While the U.S. Supreme Court’s Henry Schein decision strengthens the enforceability of arbitration provisions, the Fifth Circuit’s ruling on remand concerning arbitrability authority, exemplifies a need for careful drafting of arbitration clauses, say Andrew Behrman and Brandt Thomas Roessler at Baker Botts.
With its hodgepodge carveout of job categories, a law signed Wednesday that codifies the California Supreme Court's worker classification decision in Dynamex is far from clear and will likely result in increased litigation with potentially devastating consequences for noncompliant businesses, says Eve Wagner at Signature Resolution.
After our firm signed the American Bar Association’s well-being pledge one year ago, we launched two key programs that included weekly meditation sessions and monthly on-site chair massages to help people address both the mental and physical aspects of working at a law firm, says Marci Eisenstein at Schiff Hardin.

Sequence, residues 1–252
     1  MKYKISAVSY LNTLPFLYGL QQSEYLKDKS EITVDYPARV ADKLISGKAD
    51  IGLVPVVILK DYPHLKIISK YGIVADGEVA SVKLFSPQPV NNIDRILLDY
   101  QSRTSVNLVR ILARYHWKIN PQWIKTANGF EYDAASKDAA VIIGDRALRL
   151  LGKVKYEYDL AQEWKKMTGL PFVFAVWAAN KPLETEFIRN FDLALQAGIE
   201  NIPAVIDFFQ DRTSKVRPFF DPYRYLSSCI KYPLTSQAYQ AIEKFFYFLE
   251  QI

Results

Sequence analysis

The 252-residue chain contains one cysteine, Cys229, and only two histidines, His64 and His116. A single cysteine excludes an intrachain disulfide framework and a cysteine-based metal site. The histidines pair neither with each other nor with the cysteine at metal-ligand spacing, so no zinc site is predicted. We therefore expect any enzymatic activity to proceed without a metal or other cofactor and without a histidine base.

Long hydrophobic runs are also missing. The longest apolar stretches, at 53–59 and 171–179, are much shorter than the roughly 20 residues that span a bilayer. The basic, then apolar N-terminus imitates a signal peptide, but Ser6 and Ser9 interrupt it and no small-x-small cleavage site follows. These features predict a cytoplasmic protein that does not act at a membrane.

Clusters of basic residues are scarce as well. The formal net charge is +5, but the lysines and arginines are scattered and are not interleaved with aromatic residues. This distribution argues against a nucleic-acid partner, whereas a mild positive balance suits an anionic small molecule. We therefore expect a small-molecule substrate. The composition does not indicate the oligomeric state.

The California Supreme Court's decision in ZB v. Superior Court that employees cannot recover unpaid wages under the Private Attorneys General Act imposes a serious limit on the law's scope and generates important questions for employee-side counsel when filing claims exclusively under PAGA, say Rafael Tumanyan and Michele Beilke at Hunton.
At first glance, it's no surprise that in U.S. Shale Solutions v. Faludi the Fifth Circuit rejected overtime claims from a highly compensated lawyer turned consultant, but the facts of the case and the court’s analysis provide guidance on whether daily rates can give rise to overtime lawsuits, says Debra Friedman at Cozen O’Connor.
The early and prompt provision of samples from all electronically stored information sources as a part of ESI protocol search methodology is consistent with the Federal Rules of Civil Procedure and may allow for significant cost savings during discovery, says Zachary Caplan at Berger Montague.
Three recent federal tax cases show how the U.S. Supreme Court's June decision in Kisor v. Wilkie, substantially restricting agency deference, is affecting interpretation of the many regulations and guidance issued post-tax reform, say Andrew Roberson and Kevin Spencer at McDermott.